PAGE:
Lady Ottoline Morrell

In the early years of the 20th century, Lady Ottoline Morrell gathered around herself a peculiarly English coterie of avant-garde painters, writers and philosophers we know as the Bloomsbury Group. Its central precept was a rejection of bourgeois habit and the conventions of Victorian life. Her generosity of spirit and her supposed wealth drew them to her.

Lady Ottoline was the daughter of Lt. Gen. Arthur Cavendish Bentinck and his second wife. By an accident of fortune and ancestry, in 1879, her older half-brother, at the age of 22, became the wealthy 6th Duke of Portland and owner of Welbeck Abbey. Almost overwhelmed by his first sight of Welbeck, the young man was persuaded to accept the responsibilities of his vast inheritance by his powerful stepmother. It was she who put the house in order, ruling as the chatelaine of the Abbey for the next ten years.


Lady Ottoline Morrell, by Cavendish Morton. © National Portrait Gallery, London


Ottoline’s years at Welbeck with her boisterous brothers were not happy, though her sense of history and love of beauty were informed and developed by the treasures and portraits that furnished the house. It was with some relief that on the Duke’s marriage in 1889, she left the Abbey as her mother’s companion, and to nurse her through her last illness. Freed from those responsibilities, she began to further her education, to travel and to engage in relationships with men intrigued by her unusual beauty — she was striking, very tall, with red-gold hair.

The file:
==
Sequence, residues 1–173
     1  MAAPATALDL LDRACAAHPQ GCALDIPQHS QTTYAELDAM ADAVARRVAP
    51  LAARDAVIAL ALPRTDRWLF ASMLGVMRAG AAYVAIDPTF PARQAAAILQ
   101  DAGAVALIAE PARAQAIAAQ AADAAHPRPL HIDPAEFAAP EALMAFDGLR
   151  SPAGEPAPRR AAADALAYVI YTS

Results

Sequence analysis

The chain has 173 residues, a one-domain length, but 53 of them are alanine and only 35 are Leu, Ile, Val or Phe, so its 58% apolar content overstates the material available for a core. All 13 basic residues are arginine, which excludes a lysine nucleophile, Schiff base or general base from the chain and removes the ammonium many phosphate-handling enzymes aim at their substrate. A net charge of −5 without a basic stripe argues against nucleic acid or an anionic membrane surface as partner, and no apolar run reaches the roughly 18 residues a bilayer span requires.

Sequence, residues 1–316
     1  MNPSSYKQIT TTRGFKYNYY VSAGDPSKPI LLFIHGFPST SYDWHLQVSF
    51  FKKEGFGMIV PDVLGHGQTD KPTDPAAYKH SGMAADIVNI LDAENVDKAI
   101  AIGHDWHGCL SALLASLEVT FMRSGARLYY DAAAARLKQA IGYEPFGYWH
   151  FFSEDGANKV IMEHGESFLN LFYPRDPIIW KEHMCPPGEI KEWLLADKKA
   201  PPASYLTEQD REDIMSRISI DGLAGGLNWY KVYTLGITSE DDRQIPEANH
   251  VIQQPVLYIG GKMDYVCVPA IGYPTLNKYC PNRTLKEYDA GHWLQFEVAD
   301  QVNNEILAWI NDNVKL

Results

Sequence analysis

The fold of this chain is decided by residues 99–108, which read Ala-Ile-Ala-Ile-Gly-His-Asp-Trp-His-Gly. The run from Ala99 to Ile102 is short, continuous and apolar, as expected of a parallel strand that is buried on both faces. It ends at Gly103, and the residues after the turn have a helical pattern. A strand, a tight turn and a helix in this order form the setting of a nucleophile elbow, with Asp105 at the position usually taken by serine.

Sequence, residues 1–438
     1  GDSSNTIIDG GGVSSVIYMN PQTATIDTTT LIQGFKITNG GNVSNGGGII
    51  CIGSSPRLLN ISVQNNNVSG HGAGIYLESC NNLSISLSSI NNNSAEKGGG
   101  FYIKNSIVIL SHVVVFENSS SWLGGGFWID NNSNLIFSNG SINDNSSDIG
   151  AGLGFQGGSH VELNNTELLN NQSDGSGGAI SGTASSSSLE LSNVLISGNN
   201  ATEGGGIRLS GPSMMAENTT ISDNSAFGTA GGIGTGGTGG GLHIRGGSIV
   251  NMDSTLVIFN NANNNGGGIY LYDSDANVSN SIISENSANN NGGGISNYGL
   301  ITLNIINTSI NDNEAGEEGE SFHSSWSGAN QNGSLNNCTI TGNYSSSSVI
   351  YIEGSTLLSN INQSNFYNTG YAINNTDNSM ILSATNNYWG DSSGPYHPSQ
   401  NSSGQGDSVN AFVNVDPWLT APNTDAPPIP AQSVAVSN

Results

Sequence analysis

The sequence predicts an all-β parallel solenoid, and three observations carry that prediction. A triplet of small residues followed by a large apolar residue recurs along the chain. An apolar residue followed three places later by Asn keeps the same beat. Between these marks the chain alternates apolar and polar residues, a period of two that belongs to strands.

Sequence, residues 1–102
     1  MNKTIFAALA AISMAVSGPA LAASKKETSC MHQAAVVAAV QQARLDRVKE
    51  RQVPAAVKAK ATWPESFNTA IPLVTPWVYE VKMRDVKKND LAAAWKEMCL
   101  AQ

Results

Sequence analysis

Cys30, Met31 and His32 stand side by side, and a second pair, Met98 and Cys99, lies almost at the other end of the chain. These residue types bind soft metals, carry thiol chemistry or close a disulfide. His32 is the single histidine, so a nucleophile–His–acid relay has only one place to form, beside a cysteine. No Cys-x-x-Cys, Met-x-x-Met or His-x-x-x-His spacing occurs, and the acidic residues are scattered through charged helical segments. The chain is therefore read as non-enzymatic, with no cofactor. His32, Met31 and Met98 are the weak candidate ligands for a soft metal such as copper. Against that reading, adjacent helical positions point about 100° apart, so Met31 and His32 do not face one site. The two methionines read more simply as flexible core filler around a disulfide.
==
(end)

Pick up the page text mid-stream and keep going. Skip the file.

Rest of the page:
One of these was Philip Morrell, a young solicitor with political ambitions whose family owned a fine art collection which Lady Ottoline had visited. Encouraged by the Morrell family, believing Ottoline to be an heiress (she was not), she and Philip married in 1902. Philip Morrell won a seat as a Liberal MP in 1906, moving to 44 Bedford Square, London, famed for its artistic gatherings, as was their country house, Garsington Manor near Oxford.

Lady Ottoline was painted many times, and some of the artists became her lovers. She was a model for characters in novels. She promoted authors’ and artists’ work, and her great generosity was often abused. Noted for the originality of her dress, once described as looking like a bird of paradise caught in a high wind, Lady Ottoline was often ridiculed. Virginia Woolf and T. S. Eliot wrote the lines inscribed on her memorial: A brave spirit, unbroken / Delighting in beauty and goodness / And the love of her friends.


Banner image: 

Lady Ottoline Morrell, by George Charles Beresford. © National Portrait Gallery, London


Derek Adlam - Curator Emeritus 

Derek Adlam and a colleague were the first craftspeople to take up a Harley Foundation studio at Welbeck in 1982. Trained as a classical pianist, Derek had turned to the restoration, making and playing clavichords, harpsichords and other early keyboard instruments. Over time, he became involved with the administration of the Foundation, the building of the Harley Gallery and new craft studios. Having mounted a number of Gallery displays of the Portland family’s works of art, he was invited to be the curator of that great collection. Now long retired, he continues his research into Welbeck’s rich history.


Learn more about the influential Women of Welbeck.

Elizabeth Hardwick, Countess of Shrewsbury

Lady Catherine Cavendish, Baroness Ogle

Frances Cavendish, Countess of Bolingbroke

Georgiana, Duchess of Devonshire

Henrietta, Duchess of Portland

Winifred, Duchess of Portland

Blanche Maynard – Lady Algernon Gordon-Lennox

Lady Ottoline Morrell

Ivy, Duchess of Portland